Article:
Use of a transmission greatly increases the efficiency of an engine. An engine with no transmission would likely need to produce up to four times as much power to move a vehicle from a standstill than one with a gearbox!
In between the transmission and the engine is a clutch which allows controlled "slipping," allowing the transmission to not only engage (be driven by the engine) and disengage (spin or not spin independently of the engine), but also partially engage. This allows for smoother gear changes without the need to pinpoint accurate timing when changing gear.
In a regular manual transmission, the driver would control both the clutch and gear shifting by means of a pedal to engage and disengage the clutch, and a lever to shift gears. Semi-automatic transmissions do away with this by replacing the gear lever with a set of actuators, and the clutch pedal with a hydraulic motor. A computer (sometimes referred to as "TCM," or "Transmission Control Unit") monitors various inputs, such as the vehicle speed, engine torque, accelerator pedal position, and more in order to determine when to change gear and in which direction.
When it decides a gear change is necessary, it will engage the clutch which in turn disengages the transmission from the engine, then activate the shift actuators to effect a gear change, then finally disengage the clutch so that engine is once again driving the transmission.
How to Tell If It's Semi Automatic
There are times when it's not always easy to tell whether a particular vehicle is semi-automatic... unless, of course, you know of some telltale signs that are unique to a semi-automatic gearbox. This is, of course, assuming you don't have any documents about the car, or an owner who can tell you.
The first sign, and the easiest to spot, is the gear lever. A manual transmission will usually have the gear numbers all laid out in a "fork" pattern, whereas an automatic, if it has a gear lever at all, will show the typical "PRND" layout (for Park, Reverse, Neutral, and Drive).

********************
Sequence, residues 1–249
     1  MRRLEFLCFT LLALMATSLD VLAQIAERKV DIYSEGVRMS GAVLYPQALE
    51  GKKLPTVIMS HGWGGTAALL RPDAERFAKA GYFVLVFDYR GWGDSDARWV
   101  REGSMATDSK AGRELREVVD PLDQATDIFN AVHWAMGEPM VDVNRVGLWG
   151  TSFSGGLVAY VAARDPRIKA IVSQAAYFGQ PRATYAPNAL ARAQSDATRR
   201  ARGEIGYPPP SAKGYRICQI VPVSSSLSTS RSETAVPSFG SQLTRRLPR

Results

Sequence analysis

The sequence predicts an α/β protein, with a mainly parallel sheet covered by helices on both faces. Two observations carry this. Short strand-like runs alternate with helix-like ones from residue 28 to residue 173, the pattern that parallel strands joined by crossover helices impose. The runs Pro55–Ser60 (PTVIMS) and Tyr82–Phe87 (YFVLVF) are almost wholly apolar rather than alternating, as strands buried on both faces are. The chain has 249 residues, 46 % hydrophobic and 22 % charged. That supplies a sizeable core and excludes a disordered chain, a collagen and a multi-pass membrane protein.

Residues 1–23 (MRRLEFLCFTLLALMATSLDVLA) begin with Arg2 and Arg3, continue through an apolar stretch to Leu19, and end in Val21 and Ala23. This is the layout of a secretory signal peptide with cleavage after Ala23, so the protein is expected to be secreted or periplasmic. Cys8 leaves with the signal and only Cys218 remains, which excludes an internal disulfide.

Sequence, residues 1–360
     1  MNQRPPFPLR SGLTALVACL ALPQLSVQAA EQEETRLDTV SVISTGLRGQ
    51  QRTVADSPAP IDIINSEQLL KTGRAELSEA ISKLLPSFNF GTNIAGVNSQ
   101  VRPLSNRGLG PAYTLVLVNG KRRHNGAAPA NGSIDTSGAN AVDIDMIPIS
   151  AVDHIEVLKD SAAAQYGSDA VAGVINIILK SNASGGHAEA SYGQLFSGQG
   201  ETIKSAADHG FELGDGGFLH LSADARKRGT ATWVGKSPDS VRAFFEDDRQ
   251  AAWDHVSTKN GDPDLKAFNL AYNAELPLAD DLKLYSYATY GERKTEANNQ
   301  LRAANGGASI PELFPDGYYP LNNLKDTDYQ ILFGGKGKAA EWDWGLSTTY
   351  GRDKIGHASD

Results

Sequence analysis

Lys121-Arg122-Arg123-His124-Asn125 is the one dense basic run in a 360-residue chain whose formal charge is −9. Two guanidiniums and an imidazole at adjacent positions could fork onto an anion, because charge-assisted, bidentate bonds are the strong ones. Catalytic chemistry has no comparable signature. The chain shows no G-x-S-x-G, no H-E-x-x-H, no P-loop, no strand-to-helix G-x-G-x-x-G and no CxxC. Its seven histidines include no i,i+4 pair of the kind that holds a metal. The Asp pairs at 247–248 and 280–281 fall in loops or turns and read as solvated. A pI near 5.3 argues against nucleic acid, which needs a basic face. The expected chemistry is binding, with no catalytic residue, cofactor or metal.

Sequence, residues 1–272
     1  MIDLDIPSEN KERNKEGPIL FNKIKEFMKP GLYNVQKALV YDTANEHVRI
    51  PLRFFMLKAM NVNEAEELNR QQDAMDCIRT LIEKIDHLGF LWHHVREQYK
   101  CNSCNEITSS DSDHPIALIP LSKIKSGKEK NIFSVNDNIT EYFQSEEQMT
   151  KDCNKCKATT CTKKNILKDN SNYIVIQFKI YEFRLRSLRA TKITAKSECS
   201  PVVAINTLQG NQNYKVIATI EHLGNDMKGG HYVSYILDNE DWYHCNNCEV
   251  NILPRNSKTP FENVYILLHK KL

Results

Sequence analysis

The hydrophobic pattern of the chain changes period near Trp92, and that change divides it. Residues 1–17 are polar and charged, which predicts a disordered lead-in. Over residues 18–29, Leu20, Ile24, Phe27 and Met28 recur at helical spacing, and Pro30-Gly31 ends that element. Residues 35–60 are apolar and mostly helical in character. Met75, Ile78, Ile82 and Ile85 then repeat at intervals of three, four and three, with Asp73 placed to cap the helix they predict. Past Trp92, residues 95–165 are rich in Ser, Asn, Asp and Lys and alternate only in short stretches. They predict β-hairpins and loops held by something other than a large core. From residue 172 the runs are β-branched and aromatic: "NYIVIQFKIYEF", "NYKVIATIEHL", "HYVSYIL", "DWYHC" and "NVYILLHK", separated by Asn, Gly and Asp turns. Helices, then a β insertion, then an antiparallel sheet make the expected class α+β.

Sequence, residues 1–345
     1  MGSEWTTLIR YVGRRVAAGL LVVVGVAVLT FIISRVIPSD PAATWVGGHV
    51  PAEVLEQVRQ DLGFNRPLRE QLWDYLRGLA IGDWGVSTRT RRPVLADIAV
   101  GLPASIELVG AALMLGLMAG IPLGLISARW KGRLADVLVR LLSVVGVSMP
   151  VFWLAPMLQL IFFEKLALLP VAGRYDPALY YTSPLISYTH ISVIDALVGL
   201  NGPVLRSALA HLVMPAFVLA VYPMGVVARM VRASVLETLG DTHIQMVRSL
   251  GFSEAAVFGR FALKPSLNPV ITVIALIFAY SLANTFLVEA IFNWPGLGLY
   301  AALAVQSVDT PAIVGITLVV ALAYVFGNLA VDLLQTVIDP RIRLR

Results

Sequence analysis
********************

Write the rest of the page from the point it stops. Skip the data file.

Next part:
A semi-automatic may have a lever or push-button control, but it's the selection that's the giveaway. Semi-automatics don't layout the gears like a manual does, but they also differ from automatics. Semi-autos have no "Park," and instead of a "Drive" selection, it they tend to have "Automatic." Though the actual selection can vary, most modern cars present a "+" and "-" for moving through the gears manually. So the selection will be neutral, reverse, automatic, and manual +/-. Check the picture below if that was a bit much to follow.
The next thing you can do is take a look under the hood. This may be tricky or impractical if the vehicle has a lot going on in there and you can't see the transmission itself for other components. In general, though, you're looking out for linkage cables and transmission cooler pipes as signs that it's not a semi-automatic.
What Cars Have a Semi-Automatic Transmission
It would be impractical to attempt to list every vehicle that qualifies as a semi-automatic, especially if we were to count historical vehicles, but we will touch on a few modern vehicles that use this system.
- Opel (or Vauxhall, depending on where you are in the world) have used their "Easytronic" semi-automatic transmission in a variety of their cars, though typically in the smaller vehicles such as the Corsa.
- Ford also made use of the Easytronic transmission in some of their smaller vehicles, such as the Fiesta, and the Fusion.
- Alpha Romeo/Fiat made use of a similar system to Opel's Easytronic which went by the name of Selespeed, which often comes with paddle shifters.
- Smart represents one of the more common uses for a semi-automatic transmission as it was the only option for a while in their popular town car, the Fortwo.
So now you know a little more about what a semi-automatic transmission is!
This article is accurate and true to the best of the author’s knowledge. Content is for informational or entertainment purposes only and does not substitute for personal counsel or professional advice in business, financial, legal, or technical matters.
© 2016 John Bullock